As a digital nomad for many years, I’ve had the privilege of turning the world into my office. I’ve journeyed across continents, clocked in from mountain tops, and scheduled meetings from sun-kissed beaches. It’s a lifestyle that’s both liberating and challenging, forcing one to strike a balance between work and exploration. Two of the most popular destinations for digital nomads are Bali and Lisbon. Both have their unique allure, but choosing between them can be a daunting task. Having spent significant time in both places, I’d like to share my insights on the decision between Bali and Lisbon as a base for a digital nomad.
Bali: A Tropical Workers Paradise
Nestled in the heart of Indonesia, Bali is often dubbed as the digital nomad’s paradise. There’s a certain charm that this tropical island exudes, attracting remote workers from across the globe.
1. Cost of Living: Bali is incredibly affordable. From accommodation to food and entertainment, your dollar goes a long way here. This is a big plus for digital nomads, especially for those just starting out or working on a budget.
2. Co-working Spaces: There’s an impressive array of co-working spaces in Bali, particularly in areas like Ubud and Canggu. These spaces are designed with the digital nomad in mind, offering high-speed internet, networking opportunities, and even cafes and accommodation.
3. Community: The digital nomad community in Bali is thriving. It’s easy to meet like-minded individuals, join networking events, and make friends. This sense of belonging can be crucial for those living the nomadic lifestyle.
4. Lifestyle and Wellness: Bali is a haven for wellness and personal development. Whether it’s yoga retreats, healthy organic cafes, or surf lessons, there are endless opportunities to maintain a balanced lifestyle. The markets are excellent.
1. Internet Speed: While coworking spaces offer reliable internet, the same can’t be said for all parts of the island. If your work requires heavy internet usage, this can be a challenge.
2. Visa Regulations: Indonesia’s visa regulations can be stringent and are subject to change. It’s essential to stay informed about the current rules and plan accordingly.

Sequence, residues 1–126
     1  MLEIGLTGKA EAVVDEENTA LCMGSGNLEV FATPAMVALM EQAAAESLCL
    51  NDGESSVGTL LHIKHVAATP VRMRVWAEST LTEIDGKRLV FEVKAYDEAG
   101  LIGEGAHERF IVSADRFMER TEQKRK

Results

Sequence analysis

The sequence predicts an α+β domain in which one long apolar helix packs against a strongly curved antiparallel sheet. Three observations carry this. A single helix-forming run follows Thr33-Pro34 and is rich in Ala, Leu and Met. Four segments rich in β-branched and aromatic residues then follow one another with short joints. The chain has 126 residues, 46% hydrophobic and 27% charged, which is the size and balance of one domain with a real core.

3. Distance from Home: Depending on where you’re originally from, Bali can be quite remote, making visits home or meeting with clients in person more challenging.
The Indonesian government has been making it easier for foreigners, including digital nomads, to work in Bali, with the hope of boosting the local economy. This includes offering long-stay visas to skilled workers and other wealthy non-nationals.
However, some locals have expressed frustration over the growing party scene, which they attribute to the influx of digital nomads and other tourists. A petition signed by over 8,000 locals criticized the constant noise from bars near temples, public drunkenness, drug consumption, and other inappropriate behavior.
Lisbon: A Blend of History and Modernity
On the other side of the globe lies Lisbon, Portugal’s coastal capital. It’s a city that beautifully marries its rich history with a budding modern scene, making it an appealing choice for digital nomads.
1. Location: Lisbon’s location in Europe is ideal for travel enthusiasts. It’s a great base to explore the rest of Europe, with numerous budget airlines offering cheap flights to various destinations.
2. Digital Infrastructure: Portugal boasts one of the fastest internet speeds in Europe. This, coupled with a number of coworking spaces and digital-friendly cafes, makes Lisbon a great place for remote work.
3. Quality of Life: Lisbon is known for its high quality of life. The city is safe, clean, and boasts an excellent public transportation system. Moreover, the locals are friendly and most speak English, easing the transition for digital nomads.